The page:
Mingo County man a Hall of Fame drag racer

February 4, 2019 GMT

WILLIAMSON, W.Va. — Last year in mid-October, Halcy Hatfield of Delbarton, West Virginia, received a phone call from Jim Winters of the West Virginia Drag Racers Hall of Fame. Hatfield’s presence was needed at the Doo Wop Car Show in Charleston. He had no idea why.

“They just told me to be in Charleston,” Hatfield said. “Come to Charleston during the car show. Well, I went up there.”

That was when he realized he was being inducted into the Hall of Fame.

“They called my name,” Hatfield recalled. Danny Jones, the outgoing mayor of Charleston, presented Hatfield with a plaque. A legend had finally been given his due.

In 2013, Jim Winters and Gary Jarvis established the West Virginia Drag Racers Hall of Fame to recognize and honor West Virginians participating in the sport. Each year in October, a ceremony is held at the Doo Wop Car Show to induct members. It has a permanent home in the City of Winfield Building at 12448 Winfield Road.

Halcy Hatfield’s induction plaque is only one among many trophies and awards he has received during an illustrious drag racing career of more than 50 years. He also drives the second-oldest car, a ’66 Chevy II Supersport, on the circuit. His friend Bob Marshall of Columbus, still drives a ’65 Chevy Hemi.

Hatfield was born in Huntington on Sept. 28, 1945. After living in Wayne County for a while, his family moved to Elk Creek, near Delbarton, where he has resided since.

“I always liked old cars,” he said. “I always fooled with them. I never really had the money to do anything much with it until after Vietnam.”

For 13 months, he served as a radio operator with the 53rd Signal Battalion in the U.S. Army. After returning from Vietnam, he finished up his service at Fort Bragg, North Carolina.

“When I come home, then we started fooling with old cars,” he said. “I had an old ’55 Chevy.”

Hatfield won his first race at Summit Motorsports Park in Norwalk, Ohio. “I won a little old trophy for class,” he said. “And from there I just kept going.” Since 1970, he has been driving the ’66 Chevy II Supersport.

In 1980, Hatfield set a record of 10:96 in Rockingham, North Carolina, breaking a previous record of 11:42. He has also set records at race tracks in Columbus; Bowling Green, Kentucky; Norwalk, Ohio; Clay City, Kentucky; and Louisville, Kentucky. One of the highest points of his career was winning the World Nationals in Norwalk in 1997. He was also runner-up at the Bristol Summer Nationals as recently as 2017.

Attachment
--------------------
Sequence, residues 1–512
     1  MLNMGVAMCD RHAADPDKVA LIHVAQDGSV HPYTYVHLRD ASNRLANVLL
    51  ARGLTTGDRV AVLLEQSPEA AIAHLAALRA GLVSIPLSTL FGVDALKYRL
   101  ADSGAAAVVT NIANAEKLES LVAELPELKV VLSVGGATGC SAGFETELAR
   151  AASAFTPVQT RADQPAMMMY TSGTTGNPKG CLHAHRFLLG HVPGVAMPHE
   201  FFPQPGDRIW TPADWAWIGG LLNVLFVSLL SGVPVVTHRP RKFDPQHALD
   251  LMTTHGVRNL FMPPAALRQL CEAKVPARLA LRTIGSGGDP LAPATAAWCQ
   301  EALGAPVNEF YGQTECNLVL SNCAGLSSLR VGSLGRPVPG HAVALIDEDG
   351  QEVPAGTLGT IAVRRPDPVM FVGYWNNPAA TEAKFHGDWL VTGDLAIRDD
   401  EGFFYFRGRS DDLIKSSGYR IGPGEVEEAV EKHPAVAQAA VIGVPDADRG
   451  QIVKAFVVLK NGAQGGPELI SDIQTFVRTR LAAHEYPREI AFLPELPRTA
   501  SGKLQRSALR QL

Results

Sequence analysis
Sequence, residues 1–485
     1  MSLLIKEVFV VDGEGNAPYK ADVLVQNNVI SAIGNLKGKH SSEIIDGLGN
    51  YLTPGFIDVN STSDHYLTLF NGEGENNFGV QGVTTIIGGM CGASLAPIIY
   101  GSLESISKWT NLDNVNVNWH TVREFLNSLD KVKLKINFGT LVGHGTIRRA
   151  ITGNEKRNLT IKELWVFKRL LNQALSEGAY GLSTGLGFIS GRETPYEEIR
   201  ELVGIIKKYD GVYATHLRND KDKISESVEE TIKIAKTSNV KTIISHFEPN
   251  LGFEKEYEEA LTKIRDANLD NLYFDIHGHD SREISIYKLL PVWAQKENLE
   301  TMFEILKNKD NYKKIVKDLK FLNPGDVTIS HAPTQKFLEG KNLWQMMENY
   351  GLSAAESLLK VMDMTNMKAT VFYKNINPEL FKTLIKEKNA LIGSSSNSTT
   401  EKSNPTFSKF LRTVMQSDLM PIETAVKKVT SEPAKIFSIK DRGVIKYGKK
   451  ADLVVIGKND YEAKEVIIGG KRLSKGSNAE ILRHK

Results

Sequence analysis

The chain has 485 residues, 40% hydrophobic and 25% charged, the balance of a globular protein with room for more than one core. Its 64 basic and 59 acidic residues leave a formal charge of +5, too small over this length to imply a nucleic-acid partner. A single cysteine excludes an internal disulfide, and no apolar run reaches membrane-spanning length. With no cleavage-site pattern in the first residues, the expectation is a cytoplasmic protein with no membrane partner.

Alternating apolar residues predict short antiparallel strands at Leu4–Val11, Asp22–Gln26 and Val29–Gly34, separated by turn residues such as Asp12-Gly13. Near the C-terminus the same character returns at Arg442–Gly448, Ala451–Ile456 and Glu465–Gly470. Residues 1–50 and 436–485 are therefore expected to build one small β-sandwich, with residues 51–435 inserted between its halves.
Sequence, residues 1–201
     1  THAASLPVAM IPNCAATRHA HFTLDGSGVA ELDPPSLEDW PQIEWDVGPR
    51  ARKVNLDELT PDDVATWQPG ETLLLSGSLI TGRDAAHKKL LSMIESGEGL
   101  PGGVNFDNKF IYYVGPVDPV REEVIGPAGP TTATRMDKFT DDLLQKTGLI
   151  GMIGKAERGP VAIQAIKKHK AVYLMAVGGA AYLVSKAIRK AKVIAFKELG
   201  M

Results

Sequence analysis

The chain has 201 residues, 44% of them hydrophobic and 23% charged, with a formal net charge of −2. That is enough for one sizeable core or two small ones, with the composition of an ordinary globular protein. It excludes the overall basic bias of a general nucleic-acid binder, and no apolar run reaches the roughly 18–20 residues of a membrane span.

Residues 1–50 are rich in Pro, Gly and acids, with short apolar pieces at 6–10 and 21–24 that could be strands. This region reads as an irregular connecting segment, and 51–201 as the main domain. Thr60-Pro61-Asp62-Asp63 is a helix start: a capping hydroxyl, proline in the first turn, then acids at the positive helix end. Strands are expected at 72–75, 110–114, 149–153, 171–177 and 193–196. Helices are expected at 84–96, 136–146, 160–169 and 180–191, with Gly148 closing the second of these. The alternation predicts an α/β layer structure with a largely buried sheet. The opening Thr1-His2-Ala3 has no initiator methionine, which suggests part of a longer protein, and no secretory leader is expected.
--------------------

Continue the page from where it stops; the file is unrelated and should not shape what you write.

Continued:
At 73, Hatfield continues to compete.

When Hatfield is unable to make a race, Emily Volkman of North Carolina drives the ’66 Chevy II Supersport.

“She drove it for a year or so, and she’s done real good with it,” said Hatfield. “I mean, we got runner-up at Bristol, got runner-up at Rockingham. We went to Beech Bend Sports Nationals in Bowling Green, Kentucky, went five rounds plus won a class. So we had a pretty good year.”

At his side most of his career was Hatfield’s wife, Eileen, who died in 2014. “We enjoyed it together,” Hatfield said. “We met a lot of good people. I met people all over the country. Honest, decent people. A lot of times I lost, didn’t do no good. But we were still happy.”

When asked to describe the secret of his success, Hatfield said, “I keep my stuff up to date. I keep it clean. If there’s something that I need to do to make it better or safer, I do it. And I try to keep myself in pretty good shape.”

He also does most of his own engine and body work, so he still likes fooling with old cars.

“He’s a gentleman. He’s a great person,” said Greg Copley, Hatfield’s Coca-Cola sponsor who services six counties from Whitman Creek, West Virginia. “Just for somebody to stay as dedicated to their sport as Halcy has says a lot about him. He’s an icon for our area.

“There’s not a whole lot of champions that come out of southern West Virginia, and he is a champion.”